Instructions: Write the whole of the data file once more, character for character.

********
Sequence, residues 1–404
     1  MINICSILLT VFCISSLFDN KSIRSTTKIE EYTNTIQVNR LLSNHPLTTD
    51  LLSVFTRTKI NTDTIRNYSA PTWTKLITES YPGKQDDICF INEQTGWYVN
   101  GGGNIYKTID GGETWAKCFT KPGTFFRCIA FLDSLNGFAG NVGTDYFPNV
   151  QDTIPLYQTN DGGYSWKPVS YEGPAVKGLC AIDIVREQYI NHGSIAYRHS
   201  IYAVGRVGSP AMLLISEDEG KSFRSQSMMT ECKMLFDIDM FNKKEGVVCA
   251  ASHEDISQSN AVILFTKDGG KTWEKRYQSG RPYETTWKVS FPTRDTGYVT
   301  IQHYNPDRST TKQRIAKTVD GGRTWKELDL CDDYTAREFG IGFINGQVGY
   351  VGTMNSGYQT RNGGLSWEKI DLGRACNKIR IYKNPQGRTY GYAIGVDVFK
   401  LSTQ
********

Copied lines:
Sequence, residues 1–404
     1  MINICSILLT VFCISSLFDN KSIRSTTKIE EYTNTIQVNR LLSNHPLTTD
    51  LLSVFTRTKI NTDTIRNYSA PTWTKLITES YPGKQDDICF INEQTGWYVN
   101  GGGNIYKTID GGETWAKCFT KPGTFFRCIA FLDSLNGFAG NVGTDYFPNV
   151  QDTIPLYQTN DGGYSWKPVS YEGPAVKGLC AIDIVREQYI NHGSIAYRHS
   201  IYAVGRVGSP AMLLISEDEG KSFRSQSMMT ECKMLFDIDM FNKKEGVVCA
   251  ASHEDISQSN AVILFTKDGG KTWEKRYQSG RPYETTWKVS FPTRDTGYVT
   301  IQHYNPDRST TKQRIAKTVD GGRTWKELDL CDDYTAREFG IGFINGQVGY
   351  VGTMNSGYQT RNGGLSWEKI DLGRACNKIR IYKNPQGRTY GYAIGVDVFK
   401  LSTQ